Punknews.org, circa April 2012
SCOTT: Hi everyone, we're here interviewing Davey von Bohlen, solo artist and former singer/guitarist of the Promise Ring. Say hello, Davey.
DAVEY: Hello, Davey.
S: Very funny.
D: Thanks, I try.
S: So anyways, I'm here interviewing you mainly because this month marks the 10th anniversary of your old band's landmark release, "Wood/Water."
D: Oh gee, that old thing? I forgot all about it. [laughs]
S: Rrrright. Did you ever in your wildest dreams realize how popular this album would become in the independent scene? It seems like every band worth it's salt credits that album for their formation, and it's hard to doubt them. Coming from personal experience, that album changed my life.
S: Yeah. Every successive time I listened to the album, I appreciated it even more. I was not a big fan of "Very Emergency" at all, and after I heard the "Electric Pink" EP I thought you guys were done for. But this album... wow.
D: Thanks a lot, I'm still humbled by all the success it has received. I mean, sure it went gold, but that took 8 years. [laughs]
S: It seems like all the most important albums don't get noticed for a while - the Ramones never had a gold record, Weezer's "Pinkerton" only went gold after 5 or 6 years...
S: But enough about everyone else, I want to talk about this album! After 10 years, it's still in heavy rotation in my stereo. I still reel in surprise every time I hear your "new" singing voice in the album opener "Size Of Your Life." Sure, you revert back to the Davey of old for the rest of the album except closer "Feed The Night," but it's a pleasant change.
D: My biggest fear was that people would chastise me for singing differently than I always had, that's why I only tried it on two tracks. There's actually some demos floating around of other songs off that album with me singing in the "new" voice, it's a trip to hear.
S: Wow, I'll have to go looking for those. Now, about the second track, "Stop Playing Guitar" - I still laugh every time I hear you sing the lines "If I had a dime for every time I had stopped playing guitar and put my nose in a book, then my head would be healthy, my guitar would be dusty, and that just might save me from a bunch of bad songs." I can honestly say that myself and thousands more people are glad that you didn't hang it up. The songs on "Wood/Water" have by far withstood the test of time.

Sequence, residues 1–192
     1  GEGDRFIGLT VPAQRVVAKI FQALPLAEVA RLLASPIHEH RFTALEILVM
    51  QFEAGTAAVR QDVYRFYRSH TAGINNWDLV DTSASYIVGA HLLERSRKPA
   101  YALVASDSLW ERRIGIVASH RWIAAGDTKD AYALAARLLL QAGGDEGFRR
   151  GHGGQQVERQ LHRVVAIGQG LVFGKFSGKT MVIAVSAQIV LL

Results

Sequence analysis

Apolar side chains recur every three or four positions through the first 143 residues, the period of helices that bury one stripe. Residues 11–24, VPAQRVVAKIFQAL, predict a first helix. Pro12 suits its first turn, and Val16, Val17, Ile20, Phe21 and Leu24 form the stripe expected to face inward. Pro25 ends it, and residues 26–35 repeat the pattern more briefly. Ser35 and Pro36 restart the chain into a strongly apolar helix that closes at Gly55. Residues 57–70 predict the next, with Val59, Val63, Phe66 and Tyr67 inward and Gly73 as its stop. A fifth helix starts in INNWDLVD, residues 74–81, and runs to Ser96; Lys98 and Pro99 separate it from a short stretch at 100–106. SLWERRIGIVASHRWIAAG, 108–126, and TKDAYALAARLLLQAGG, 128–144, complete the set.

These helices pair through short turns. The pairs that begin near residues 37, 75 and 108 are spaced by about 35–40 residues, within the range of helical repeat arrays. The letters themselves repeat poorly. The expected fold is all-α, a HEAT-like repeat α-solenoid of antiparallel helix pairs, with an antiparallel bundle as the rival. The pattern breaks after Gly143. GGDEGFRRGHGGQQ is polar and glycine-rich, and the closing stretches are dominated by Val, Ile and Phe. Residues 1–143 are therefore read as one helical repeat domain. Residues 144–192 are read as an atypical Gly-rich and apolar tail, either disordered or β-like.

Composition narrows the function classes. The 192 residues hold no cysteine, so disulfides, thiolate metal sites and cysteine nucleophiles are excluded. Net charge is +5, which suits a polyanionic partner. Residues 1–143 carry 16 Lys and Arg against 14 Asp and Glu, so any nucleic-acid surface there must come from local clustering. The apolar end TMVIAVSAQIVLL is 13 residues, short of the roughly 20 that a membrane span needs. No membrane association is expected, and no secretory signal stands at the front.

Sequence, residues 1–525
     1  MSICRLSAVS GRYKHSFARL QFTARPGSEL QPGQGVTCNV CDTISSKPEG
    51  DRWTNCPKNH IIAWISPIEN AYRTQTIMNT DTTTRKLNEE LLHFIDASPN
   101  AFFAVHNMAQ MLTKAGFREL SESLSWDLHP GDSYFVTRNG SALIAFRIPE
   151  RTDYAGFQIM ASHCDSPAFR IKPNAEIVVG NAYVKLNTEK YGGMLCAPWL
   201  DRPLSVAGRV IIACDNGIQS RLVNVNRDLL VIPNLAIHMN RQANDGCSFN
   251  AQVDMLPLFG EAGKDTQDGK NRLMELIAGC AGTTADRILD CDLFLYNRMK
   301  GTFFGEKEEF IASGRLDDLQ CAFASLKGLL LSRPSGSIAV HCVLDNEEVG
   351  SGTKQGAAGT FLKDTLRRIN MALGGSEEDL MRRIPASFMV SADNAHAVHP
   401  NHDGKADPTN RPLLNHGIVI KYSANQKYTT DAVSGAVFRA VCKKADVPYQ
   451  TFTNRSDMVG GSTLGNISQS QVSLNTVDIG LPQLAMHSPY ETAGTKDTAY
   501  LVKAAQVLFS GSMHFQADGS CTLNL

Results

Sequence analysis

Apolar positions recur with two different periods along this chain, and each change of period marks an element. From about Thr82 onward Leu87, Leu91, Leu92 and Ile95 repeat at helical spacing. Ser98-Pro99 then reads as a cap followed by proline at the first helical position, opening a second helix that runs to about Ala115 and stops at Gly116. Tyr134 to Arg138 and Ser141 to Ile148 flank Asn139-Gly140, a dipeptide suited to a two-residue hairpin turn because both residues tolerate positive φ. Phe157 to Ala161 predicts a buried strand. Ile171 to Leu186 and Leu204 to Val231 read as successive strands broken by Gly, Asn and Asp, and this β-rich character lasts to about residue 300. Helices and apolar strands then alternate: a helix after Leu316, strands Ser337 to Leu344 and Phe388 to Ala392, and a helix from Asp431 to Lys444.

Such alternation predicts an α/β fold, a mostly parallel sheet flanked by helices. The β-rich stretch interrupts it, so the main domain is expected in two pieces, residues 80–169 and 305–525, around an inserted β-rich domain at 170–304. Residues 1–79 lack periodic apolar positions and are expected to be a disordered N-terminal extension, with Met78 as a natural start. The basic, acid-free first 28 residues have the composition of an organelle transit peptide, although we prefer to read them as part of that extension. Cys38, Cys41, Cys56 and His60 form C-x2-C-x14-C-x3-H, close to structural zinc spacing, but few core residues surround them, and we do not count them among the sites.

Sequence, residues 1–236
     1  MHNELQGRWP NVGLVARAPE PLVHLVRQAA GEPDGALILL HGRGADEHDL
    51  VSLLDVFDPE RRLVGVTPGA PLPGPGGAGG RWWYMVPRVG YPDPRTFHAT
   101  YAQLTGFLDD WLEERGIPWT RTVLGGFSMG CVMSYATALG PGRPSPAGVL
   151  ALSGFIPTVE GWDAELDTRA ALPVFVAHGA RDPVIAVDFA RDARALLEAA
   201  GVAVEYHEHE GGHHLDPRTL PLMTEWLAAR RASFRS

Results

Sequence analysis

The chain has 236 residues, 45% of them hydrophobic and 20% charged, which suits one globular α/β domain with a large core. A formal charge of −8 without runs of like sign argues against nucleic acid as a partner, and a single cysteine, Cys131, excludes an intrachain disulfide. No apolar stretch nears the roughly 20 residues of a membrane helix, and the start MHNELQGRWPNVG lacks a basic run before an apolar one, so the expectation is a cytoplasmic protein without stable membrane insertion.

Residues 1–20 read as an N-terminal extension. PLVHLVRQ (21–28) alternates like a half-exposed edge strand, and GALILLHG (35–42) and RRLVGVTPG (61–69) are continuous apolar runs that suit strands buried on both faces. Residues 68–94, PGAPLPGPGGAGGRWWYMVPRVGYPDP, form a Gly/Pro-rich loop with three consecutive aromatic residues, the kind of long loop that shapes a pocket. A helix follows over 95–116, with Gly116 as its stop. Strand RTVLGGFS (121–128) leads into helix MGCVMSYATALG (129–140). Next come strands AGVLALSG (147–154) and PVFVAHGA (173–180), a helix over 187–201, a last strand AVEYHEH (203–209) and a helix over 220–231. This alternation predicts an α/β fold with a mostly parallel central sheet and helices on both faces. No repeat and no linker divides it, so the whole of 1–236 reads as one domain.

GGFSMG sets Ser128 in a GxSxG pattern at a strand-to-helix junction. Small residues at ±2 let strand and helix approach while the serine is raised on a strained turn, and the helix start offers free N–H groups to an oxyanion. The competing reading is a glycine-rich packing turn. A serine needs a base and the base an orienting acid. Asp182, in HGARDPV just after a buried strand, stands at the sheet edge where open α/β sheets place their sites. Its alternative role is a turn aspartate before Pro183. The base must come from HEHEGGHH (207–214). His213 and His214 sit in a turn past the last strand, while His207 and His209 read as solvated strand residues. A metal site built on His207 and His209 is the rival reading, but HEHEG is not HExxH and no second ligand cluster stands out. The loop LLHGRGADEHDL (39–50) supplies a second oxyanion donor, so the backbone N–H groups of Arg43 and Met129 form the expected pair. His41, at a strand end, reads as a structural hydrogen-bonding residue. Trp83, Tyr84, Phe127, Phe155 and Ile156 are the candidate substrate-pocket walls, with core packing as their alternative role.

D: Thanks, thanks a lot.
S: Were you ever worried about what your old fans would think about the album?
D: Oh, all the time. When we were recording it, we all kind of knew that this was going to be more than just a temporary departure from our old sound. We had evolved - or devolved, depending on who you ask - into a basic pop band. There was nowhere else for us to go except outside the realm of what we had been doing. So... we did it. We spent six straight weeks in England recording that record. Before that it was rare if we got six *days* in the studio. With all that time, we finally realized that we didn't have to cater to anyone with this record.
S: As I said in my initial review of the record 10 years ago, "The Promise Ring is dead; long live the Promise Ring."
D: [laughes] That's a good one. But it's true.
S: It is. Take tracks like "Become One Anything One Time," "My Life Is At Home," and "Bread and Coffee" - melodies these lush had never appeared in your songwriting before. Whenever I hear "Wake Up April," I get shivers. It's obvious that the song was a point of transition for the band - I hear that song and close my eyes and imagine that you guys wrote that trying to find some kind of peace in the recording process.
D: Wow, you're right on with that assessment. That's probably my favorite track on the record, personally.
S: It's one of mine. Of course, I couldn't interview you without mentioning the song *everyone* talked about - "Say Goodbye Good." What was that?
D: [laughs] Haha, I loved it.
S: I love it too, but man, that last minute or so with the spacey effects and a gospel singer... To me, that signaled that the Promise Ring of old was definitely gone forever.
D: Yeah, that was a big turning point for us, too. After we made that track, we knew there was no turning back. [laughs]
S: Oh man, we're already out of time, you have to go do soundcheck. I had so much more I wanted to talk about: the sheer pop genius of "Get On The Floor," the Flaming Lips influence in "Suffer Never," th-
D: Hey, it's okay, man. Catch us on the "Wood/Water Reunion Tour" in another 10 years, we'll finish it then. [laughs]
S: Don't kid about that, I'd pay big bucks to see the Ring in concert again. Well, thanks again for this rare chance to pick your brains, and thanks again for sculpting one of the most beautiful masterpieces of the last 10 years.
Stop Playing Guitar
Get On The Floor
Say Goodbye Good
Punknews.org, circa April 2012